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Moth could delay vessels traveling from Ecuador to Chile

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The Chilean Agriculture Service is warning of inspections for all international vessels arriving direct from Ecuador following latest detections in Chilean ports of the brown moth, Thyrinteina arnobia (Lagarta Eucalyptus).

Following the advice, ISS Chile is warning of potential delays for vessels arriving in Chile from Ecuador.

The Chilean Agriculture Service has advised it will be carrying out the following inspections:

1.    Conduct a specific daylight inspection during the inward clearance of all ships that have called at Ecuador. The inspection will be done if the vessel has come from abroad or another Chilean port.

2.    If there is a positive detection of the pest, vessel clearance will be rejected and Effective Resolution 1984/2000 will be executed (the vessel will not be allowed to operate at port until fumigation and new inspection are completed).

3.    Following phytosanitary treatment, a further inspection will take place to check for total removal of eggs from the vessel deck. Should no live pest eggs be found, Free Pratique will be granted (authorisation from port authorities to enter and perform all operations inside the port of call), as long as the cargo offloading is flagged to the respective Customs Checkpoints Unit beforehand for daylight audit.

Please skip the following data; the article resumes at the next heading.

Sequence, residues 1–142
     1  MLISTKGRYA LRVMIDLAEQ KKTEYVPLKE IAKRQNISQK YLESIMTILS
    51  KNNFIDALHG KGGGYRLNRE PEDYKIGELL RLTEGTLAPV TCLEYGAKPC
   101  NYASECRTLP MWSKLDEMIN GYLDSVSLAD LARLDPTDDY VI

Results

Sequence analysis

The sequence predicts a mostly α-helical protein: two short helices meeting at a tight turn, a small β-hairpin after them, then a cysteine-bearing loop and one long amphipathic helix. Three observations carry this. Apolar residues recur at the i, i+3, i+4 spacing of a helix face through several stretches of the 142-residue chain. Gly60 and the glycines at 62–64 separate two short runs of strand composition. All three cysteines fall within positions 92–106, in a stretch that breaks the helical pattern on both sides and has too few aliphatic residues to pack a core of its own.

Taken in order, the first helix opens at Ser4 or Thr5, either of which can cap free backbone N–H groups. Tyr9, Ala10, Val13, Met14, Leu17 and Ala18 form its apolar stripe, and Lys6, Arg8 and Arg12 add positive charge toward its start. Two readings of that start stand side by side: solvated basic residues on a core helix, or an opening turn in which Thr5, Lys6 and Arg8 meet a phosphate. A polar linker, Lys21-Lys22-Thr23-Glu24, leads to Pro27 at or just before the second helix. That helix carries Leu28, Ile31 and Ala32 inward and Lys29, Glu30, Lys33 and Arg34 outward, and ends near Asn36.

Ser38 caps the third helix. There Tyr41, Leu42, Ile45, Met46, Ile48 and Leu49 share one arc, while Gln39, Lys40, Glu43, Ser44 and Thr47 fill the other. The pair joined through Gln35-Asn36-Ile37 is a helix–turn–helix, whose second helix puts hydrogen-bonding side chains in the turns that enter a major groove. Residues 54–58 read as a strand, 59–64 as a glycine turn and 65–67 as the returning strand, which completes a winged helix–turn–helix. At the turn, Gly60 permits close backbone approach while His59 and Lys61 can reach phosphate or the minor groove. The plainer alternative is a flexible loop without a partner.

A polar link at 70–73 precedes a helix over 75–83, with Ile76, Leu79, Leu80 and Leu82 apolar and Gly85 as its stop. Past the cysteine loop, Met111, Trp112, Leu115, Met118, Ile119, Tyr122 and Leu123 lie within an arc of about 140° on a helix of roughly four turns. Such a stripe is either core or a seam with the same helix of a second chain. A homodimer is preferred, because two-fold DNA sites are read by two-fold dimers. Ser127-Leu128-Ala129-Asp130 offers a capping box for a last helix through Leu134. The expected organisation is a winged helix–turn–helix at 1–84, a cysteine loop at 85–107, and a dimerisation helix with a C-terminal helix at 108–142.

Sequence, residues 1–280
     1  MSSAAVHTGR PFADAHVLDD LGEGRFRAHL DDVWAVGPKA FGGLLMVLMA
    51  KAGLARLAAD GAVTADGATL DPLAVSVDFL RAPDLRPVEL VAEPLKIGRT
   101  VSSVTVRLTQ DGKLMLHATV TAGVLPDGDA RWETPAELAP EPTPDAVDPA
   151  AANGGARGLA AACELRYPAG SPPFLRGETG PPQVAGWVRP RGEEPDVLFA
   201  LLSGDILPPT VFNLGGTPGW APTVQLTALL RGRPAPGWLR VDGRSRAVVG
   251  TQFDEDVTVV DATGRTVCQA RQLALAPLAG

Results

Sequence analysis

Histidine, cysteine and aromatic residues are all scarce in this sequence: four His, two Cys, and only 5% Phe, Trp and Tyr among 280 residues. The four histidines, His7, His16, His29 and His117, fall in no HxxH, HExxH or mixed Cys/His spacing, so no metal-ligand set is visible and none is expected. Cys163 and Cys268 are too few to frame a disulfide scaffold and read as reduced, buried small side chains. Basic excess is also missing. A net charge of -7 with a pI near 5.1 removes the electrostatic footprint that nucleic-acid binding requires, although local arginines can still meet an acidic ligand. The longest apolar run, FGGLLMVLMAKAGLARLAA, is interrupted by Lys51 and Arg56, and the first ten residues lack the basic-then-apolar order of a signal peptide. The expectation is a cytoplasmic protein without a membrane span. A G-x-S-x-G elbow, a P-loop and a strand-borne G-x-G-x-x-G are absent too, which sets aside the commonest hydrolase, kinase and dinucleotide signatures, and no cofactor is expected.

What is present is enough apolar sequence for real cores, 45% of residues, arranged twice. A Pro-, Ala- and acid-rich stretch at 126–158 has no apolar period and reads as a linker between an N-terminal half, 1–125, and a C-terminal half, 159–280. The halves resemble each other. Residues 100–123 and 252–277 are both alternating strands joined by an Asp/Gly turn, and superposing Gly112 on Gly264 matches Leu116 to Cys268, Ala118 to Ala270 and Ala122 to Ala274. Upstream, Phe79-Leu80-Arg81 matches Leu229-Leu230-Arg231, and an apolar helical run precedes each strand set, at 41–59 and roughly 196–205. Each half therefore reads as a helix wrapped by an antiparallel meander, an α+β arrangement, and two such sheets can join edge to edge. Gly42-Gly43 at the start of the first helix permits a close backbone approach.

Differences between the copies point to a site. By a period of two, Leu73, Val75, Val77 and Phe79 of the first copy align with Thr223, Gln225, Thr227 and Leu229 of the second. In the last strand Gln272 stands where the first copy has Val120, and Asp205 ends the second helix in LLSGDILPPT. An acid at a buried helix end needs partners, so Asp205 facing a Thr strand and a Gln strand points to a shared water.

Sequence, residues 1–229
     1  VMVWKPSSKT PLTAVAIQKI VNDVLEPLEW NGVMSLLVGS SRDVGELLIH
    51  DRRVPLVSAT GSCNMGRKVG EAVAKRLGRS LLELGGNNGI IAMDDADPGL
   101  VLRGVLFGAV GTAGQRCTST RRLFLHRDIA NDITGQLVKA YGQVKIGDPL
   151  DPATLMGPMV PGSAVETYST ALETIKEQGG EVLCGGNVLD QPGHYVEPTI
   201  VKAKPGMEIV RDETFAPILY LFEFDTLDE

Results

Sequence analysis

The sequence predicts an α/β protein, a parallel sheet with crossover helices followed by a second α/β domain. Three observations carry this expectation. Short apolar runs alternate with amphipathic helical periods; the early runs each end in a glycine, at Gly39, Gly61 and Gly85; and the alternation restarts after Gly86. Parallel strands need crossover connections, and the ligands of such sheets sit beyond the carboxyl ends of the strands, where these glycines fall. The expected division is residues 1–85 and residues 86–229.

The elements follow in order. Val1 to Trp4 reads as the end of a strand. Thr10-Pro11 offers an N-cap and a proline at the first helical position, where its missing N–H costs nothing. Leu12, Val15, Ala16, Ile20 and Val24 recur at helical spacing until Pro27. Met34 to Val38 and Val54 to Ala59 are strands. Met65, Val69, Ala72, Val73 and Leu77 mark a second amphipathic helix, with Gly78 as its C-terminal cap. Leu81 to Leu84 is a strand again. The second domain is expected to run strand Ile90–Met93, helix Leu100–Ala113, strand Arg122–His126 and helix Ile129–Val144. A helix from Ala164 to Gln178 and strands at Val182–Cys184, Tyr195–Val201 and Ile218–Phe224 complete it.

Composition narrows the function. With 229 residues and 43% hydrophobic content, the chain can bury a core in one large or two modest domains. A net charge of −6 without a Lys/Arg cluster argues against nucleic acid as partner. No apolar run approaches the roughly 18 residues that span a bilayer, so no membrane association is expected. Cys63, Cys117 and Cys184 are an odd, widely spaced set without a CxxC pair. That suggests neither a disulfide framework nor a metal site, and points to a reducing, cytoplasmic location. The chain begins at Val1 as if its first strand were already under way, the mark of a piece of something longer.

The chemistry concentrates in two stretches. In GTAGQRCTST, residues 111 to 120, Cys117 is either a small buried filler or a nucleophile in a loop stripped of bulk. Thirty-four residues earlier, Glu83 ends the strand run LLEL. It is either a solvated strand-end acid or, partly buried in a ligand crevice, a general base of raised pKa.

Brown moth: Thyrinteina arnobia

Brown moth: Thyrinteina arnobia

4.    An agriculture (SAG) inspector will check cargo condition on the vessel’s quay during daylight hours. Should presence of the pests be found during cargo offloading, appropriate measures will be taken and a treatment order will be issued at least for the inspected cargo, according to Effective Resolution 1984/2000. If pests are found during cargo offloading, operations will be stopped, fumigation will be require and a new inspection will be needed before authorization to continue commercial operations.

ISS Chile is working with its clients to minimize possible delays and will keep them updated.

About Dorie Cox

Dorie Cox is editor of The Triton.

View all posts by Dorie Cox →

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